About Internet Voting
Expanding insecure technology like internet voting makes election results less trustworthy — at a time when having secure and verifiable elections is more important than ever.
Internet voting endangers voters’ privacy, capacity to vote, and trust that their votes are being recorded and counted accurately — and erodes public confidence in our elections. Every voter has a right to a secret ballot that cannot be traced back to them, but a voter’s identity must also be verified to ensure no one else votes in their name. This combination of privacy and verification is impossible with current internet voting technology. Internet voting also does not provide paper ballots that allow voters to verify their vote choices. Voter-verified paper ballots can be audited and recounted to confirm election results, bolstering security and public confidence. Learn more about internet voting.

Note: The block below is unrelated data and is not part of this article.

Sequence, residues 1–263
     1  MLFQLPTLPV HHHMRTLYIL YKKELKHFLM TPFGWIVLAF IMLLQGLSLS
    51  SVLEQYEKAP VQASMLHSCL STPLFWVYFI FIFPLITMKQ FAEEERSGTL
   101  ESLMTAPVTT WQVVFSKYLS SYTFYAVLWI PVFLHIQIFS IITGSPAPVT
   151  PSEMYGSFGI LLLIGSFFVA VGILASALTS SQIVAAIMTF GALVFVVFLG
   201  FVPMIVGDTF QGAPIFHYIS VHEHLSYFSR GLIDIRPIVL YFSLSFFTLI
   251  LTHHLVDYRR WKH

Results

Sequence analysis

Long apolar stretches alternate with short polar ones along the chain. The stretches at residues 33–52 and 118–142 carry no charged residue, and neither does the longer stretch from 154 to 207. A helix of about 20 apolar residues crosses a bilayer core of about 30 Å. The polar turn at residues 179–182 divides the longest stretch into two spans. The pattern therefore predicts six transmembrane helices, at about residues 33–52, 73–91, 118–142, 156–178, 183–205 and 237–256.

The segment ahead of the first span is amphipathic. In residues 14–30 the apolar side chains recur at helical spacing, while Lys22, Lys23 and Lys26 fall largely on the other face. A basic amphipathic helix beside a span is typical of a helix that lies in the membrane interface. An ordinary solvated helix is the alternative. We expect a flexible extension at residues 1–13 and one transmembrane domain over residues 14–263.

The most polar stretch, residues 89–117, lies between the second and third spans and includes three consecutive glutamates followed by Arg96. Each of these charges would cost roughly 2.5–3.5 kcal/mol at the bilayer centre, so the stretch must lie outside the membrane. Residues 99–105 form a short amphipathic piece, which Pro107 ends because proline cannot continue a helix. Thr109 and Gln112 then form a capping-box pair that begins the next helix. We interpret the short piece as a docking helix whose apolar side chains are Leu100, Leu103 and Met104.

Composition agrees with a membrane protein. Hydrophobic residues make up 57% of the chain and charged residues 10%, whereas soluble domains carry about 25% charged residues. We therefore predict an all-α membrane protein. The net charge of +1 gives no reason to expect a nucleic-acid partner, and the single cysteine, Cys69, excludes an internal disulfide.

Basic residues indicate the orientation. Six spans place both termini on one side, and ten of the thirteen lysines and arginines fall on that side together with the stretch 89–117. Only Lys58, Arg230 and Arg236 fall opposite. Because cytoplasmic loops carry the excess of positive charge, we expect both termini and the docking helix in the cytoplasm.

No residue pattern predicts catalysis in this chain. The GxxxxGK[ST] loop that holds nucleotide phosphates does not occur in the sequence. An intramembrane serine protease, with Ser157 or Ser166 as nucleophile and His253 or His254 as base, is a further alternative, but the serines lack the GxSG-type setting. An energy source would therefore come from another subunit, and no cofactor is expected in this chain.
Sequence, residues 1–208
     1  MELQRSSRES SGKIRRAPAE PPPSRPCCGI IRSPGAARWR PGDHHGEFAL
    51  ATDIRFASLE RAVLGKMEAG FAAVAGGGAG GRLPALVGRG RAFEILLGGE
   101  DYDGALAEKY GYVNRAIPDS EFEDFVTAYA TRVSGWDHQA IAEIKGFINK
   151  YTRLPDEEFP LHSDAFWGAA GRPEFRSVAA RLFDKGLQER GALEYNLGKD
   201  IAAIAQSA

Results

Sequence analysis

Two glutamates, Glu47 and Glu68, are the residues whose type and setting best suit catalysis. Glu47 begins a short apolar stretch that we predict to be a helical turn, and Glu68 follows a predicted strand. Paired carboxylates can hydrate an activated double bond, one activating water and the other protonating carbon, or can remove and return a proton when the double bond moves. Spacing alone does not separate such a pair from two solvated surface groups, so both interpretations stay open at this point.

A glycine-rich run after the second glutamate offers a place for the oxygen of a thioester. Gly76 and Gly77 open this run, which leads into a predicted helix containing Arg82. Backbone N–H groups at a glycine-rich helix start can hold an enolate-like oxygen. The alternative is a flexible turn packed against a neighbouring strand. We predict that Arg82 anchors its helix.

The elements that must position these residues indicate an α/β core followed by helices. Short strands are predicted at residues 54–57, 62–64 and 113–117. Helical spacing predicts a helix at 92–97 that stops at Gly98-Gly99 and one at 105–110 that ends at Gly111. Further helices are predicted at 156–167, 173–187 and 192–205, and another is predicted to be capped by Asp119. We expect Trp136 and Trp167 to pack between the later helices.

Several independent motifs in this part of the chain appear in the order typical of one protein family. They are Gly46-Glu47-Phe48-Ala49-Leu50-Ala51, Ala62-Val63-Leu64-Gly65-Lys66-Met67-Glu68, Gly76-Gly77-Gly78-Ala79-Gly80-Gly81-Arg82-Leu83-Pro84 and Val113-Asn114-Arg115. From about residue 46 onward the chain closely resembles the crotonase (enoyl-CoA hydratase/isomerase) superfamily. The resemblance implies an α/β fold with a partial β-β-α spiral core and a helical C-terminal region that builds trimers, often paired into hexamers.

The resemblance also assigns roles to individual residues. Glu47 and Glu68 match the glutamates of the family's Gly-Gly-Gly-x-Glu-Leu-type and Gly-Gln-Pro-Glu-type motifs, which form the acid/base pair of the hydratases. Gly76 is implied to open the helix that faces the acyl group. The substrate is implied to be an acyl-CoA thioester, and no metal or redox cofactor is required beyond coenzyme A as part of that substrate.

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International Internet Voting
A dozen nations have explored the use of online voting since 2000. We’re profiling the alarming failures that occurred.
Australia has used internet voting in several elections in New South Wales since 2011.
Canada has not conducted any online elections at the provincial or federal level, but internet voting has been used in local elections.